Having seen a number of protests during 2020, Simon said, he was ready to answer President Donald Trump’s call to come to Washington last week.


He wasn’t prepared, however, for what he witnessed.

“That was crazy. I don’t know what the deal was,” Simon said.

Simon said he headed for the nation’s capital because he wanted to “show support for the president” and to be ready to counter the antifa demonstrators he thought would try to break up the pro-Trump rally.

“We thought there was going to be a huge antifa presence,” Simon said. But the counter-demonstrators didn’t make an appearance, he said.

Simon said that when he got there, he went to the packed grounds near the Washington Monument to listen to speeches by radio conspiracy theorist Alex Jones, Trump and “a whole bunch of others.”

From his point of view, he said, “nothing was happening.”


After the speakers were done, he said, everybody marched the 1.5 miles to the Capitol.

When he got there, he said, there were demonstrators pressed up against small metal barriers with police behind them.

From somewhere on the police side of the line he could hear “deep, heavy, tribal music” pounding, something he found “pretty weird” and troubling.

“Music has a huge effect on people,” Simon said, and it may have contributed to the efforts by some to press on toward the Capitol.

“A few folks were getting rowdy,” Simon said, and then “one or two lady police officers got a little trigger happy and started shooting people with paintballs.”

Soon after, some at the front broke through the fence and “everybody propelled further” toward the building ahead of them. Some just kept going on, he said.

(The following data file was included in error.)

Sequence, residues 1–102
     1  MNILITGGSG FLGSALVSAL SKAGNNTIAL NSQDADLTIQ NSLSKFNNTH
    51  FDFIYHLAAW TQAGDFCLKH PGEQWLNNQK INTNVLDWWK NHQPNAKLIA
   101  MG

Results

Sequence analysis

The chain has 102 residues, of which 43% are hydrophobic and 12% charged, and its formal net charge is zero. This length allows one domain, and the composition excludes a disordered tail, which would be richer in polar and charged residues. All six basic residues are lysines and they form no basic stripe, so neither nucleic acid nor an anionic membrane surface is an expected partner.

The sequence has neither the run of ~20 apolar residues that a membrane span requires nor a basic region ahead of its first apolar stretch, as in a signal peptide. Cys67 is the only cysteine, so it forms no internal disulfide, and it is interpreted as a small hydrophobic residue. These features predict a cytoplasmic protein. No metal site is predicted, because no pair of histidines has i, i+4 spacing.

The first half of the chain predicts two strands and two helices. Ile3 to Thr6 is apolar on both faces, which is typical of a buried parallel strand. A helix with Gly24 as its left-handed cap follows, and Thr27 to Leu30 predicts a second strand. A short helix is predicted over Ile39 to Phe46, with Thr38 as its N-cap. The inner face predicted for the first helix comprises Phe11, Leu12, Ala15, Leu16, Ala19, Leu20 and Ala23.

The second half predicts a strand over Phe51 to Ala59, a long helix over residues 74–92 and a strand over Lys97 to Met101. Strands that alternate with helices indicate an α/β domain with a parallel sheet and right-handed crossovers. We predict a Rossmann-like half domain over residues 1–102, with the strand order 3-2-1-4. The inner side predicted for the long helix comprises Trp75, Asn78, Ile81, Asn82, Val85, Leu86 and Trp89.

After taking an hour to wade through the crowd, Simon insisted he stayed on the steps, but could see people heading inside.

He said it was his impression that about 100 people broke through windows and doors to get in, but that the many others who followed were able to walk right in through doors the police opened for them.

“Most just walked by the cops,” Simon said.

He said that when the same people left the building, he watched families, women and children pouring out, not the sort of angry insurgents that politicians and press have tried to portray them as.

Simon said he did not see any sign of the antifa agitators he expected. He said a handful were probably among the crowd, but they weren’t responsible for much of what occurred. Everybody in sight was pro-Trump, he said.

But, he said, it looked to him that there were about 10 guys who “definitely stood out” in the mob because they were silent, disciplined and totally prepared with gas masks, bulletproof vests and other equipment.


“They knew exactly what was going to happen,” Simon said, and they were ready. He said he’s heard from some who witnessed them inside that they went straight for the most highly secure areas to ransack desks, grab computers and the like. He said he has no idea who they were.

Simon said he understands why people are upset that the Capitol was invaded.

But, he said, the media is exaggerating the level of violence. Compared to the Black Lives Matter rallies, he said, it looks “like Mickey Mouse stuff.”

Simon said he’s not shocked that the attack on the Capitol occurred.

“I’m surprised it wasn’t worse,” he said. “The people are sick and tired of seeing these vicious, bloodsucking” lawmakers carving up America and creating “mischief and mayhem.”

“There’s only so far that you can push people,” Simon said. “Something’s got to give.”


Some of the people he met that day were “absolutely desperate,” Simon said, blown away by lost jobs, failed marriages and general misery. They have nowhere to turn, he said, and nowhere to go.

“Some came on their last dime just to stand up for their president,” he said.

Despite the fallout from the event, including a growing number of arrests and a second impeachment for Trump for inciting the takeover, Simon said he would go to Washington again.

It is important, he said, for “patriots” to let their country know “here is a group of people who love America enough to show up.”

Besides, he said, the Capitol should never be closed.

“That is the people’s place. We own that place,” Simon said. “We’re barred from our own building.”

“They want to say we breached it, but, well, it’s ours.”

Related Headlines

Comments are no longer available on this story